In a recent blog, my colleague Richard Kipling wrote about a funding threat to a popular program that introduced dozens of doctors to medically needy areas with no more carrot than a $700 stipend.
As California braces for the demands of health reform amid a physician shortage in rural and inner city areas, health professionals are trying to keep such efforts alive -- and introduce new ones.
Enter the California Medical Association, and its support for State Assembly Bill 589, which would open up a second front in the campaign to get doctors to areas that need them most.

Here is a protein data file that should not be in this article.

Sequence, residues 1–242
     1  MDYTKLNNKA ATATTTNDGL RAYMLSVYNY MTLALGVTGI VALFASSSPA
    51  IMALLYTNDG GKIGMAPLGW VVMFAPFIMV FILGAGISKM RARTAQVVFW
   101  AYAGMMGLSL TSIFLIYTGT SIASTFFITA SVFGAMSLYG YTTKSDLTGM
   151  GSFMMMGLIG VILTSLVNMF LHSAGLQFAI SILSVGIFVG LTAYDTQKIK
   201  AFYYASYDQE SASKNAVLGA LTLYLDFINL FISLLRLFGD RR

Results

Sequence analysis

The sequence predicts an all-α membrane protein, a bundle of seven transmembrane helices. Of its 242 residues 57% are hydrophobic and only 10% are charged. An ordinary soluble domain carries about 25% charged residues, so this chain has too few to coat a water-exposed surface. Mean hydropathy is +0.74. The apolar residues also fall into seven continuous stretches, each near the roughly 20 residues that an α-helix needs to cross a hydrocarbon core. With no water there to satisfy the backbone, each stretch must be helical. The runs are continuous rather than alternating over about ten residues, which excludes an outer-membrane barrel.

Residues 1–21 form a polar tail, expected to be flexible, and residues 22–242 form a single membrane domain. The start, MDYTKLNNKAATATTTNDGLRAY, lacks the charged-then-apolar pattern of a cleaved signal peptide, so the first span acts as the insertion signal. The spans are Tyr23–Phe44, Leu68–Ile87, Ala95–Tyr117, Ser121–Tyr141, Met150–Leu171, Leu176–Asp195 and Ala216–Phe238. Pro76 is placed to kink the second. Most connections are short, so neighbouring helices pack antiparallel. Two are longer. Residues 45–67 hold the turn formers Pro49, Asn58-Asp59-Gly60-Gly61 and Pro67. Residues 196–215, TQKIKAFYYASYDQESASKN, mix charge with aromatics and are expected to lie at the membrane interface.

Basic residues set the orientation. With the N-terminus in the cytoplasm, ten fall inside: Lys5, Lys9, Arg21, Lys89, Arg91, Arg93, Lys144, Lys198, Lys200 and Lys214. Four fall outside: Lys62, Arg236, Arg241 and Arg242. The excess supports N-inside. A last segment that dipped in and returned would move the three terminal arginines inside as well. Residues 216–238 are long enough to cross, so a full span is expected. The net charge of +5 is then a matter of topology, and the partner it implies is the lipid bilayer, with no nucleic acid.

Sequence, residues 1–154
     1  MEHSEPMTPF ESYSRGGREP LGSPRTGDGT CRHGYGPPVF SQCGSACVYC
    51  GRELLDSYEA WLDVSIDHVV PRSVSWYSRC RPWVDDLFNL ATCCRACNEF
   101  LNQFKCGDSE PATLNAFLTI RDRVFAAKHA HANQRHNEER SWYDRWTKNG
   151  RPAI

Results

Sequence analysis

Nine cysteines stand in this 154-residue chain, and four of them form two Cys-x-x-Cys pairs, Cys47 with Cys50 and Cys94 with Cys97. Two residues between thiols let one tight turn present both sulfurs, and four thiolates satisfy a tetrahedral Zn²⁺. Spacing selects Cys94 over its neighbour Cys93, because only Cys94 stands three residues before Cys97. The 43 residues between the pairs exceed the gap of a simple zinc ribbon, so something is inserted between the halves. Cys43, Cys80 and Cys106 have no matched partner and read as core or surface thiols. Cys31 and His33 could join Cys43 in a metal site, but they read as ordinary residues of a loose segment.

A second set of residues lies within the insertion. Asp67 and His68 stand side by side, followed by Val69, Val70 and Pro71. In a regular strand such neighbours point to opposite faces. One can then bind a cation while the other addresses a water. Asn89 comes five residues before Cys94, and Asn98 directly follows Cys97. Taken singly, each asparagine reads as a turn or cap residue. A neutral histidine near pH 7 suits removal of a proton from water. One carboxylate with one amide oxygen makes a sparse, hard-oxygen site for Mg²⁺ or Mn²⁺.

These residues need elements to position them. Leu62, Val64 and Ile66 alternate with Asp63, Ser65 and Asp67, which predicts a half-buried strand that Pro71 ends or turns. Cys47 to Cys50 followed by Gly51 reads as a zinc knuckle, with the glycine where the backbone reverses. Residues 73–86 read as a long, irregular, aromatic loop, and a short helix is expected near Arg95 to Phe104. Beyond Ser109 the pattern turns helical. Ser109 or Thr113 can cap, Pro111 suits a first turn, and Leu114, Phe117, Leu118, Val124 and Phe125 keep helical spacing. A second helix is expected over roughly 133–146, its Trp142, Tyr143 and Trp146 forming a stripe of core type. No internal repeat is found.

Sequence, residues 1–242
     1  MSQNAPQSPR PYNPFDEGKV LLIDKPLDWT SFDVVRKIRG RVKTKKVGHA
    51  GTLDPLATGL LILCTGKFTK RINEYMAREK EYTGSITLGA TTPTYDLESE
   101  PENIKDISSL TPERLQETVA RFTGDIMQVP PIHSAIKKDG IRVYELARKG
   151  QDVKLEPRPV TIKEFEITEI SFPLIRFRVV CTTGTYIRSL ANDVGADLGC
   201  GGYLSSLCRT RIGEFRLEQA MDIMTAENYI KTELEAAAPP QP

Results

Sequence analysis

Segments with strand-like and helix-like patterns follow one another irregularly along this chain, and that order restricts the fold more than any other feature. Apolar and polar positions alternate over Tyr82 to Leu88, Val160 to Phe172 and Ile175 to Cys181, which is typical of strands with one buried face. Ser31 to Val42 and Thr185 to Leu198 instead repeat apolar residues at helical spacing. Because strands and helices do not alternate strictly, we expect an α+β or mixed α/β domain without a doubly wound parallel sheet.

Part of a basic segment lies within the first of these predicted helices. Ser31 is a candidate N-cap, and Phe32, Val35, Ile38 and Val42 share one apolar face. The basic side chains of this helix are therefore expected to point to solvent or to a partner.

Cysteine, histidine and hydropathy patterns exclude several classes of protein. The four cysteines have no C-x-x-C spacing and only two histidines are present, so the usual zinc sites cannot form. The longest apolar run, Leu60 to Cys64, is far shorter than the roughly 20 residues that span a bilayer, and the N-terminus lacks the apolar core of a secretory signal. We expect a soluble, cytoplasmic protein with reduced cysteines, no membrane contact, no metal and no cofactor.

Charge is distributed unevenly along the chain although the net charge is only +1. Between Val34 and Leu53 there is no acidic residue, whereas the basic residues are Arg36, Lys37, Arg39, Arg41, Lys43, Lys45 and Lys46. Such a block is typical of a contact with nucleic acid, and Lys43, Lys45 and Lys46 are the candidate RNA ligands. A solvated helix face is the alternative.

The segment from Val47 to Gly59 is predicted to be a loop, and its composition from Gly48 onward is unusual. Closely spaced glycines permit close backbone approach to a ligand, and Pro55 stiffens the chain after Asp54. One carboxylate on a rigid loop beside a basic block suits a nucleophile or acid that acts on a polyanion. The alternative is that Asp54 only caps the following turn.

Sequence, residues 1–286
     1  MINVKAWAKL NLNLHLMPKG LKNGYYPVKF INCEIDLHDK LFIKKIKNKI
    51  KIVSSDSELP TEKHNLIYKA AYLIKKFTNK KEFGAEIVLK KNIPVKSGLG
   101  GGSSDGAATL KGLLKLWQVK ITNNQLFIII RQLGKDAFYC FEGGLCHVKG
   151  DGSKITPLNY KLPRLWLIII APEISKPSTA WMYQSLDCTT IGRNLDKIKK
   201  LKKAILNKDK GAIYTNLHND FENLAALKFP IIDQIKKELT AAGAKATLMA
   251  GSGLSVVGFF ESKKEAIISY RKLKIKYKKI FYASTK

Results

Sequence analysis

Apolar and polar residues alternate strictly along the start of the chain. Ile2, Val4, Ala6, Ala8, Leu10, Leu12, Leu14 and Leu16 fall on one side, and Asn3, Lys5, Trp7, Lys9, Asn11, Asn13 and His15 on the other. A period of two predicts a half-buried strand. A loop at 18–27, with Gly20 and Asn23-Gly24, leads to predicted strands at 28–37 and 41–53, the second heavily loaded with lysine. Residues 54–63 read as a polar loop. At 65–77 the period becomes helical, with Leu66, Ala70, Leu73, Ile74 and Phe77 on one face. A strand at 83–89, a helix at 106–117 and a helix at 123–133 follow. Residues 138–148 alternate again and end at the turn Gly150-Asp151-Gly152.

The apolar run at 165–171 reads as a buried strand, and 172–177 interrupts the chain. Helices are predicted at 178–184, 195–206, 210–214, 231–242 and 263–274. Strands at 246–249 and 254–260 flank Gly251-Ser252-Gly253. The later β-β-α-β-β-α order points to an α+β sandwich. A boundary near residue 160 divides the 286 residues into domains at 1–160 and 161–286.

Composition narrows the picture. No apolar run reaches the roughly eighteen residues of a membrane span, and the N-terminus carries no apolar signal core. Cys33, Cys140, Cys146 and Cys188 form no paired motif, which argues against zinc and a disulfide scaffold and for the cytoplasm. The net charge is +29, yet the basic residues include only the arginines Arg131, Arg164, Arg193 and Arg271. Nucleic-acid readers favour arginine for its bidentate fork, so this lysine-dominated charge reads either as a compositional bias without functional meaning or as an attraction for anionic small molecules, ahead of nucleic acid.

The bill would provide medical students a $105,000 scholarship in exchange for a written commitment to practice three years in a medically underserved community.
If the details sound familiar, that’s because the model is based on the popular Steven M. Thompson Loan Repayment Program, which grants doctors the same amount in debt relief.
The new effort, dubbed the Steven M. Thompson Medical School Scholarship Program, would not only catch aspiring doctors on the front end.
It would give young men and women from humble economic backgrounds some hope that they could afford to become a doctor – and ultimately give back.
“If those students have the opportunity to go to med school, it’s more likely they will go back home to practice,” said CMA spokeswoman Molly Weedn, citing medical workforce briefs that documented such trends.
A doctor returning home to the tough neighborhood or small town whence he or she came almost sounds quaint. But that’s the aim of Assembly Bill 529.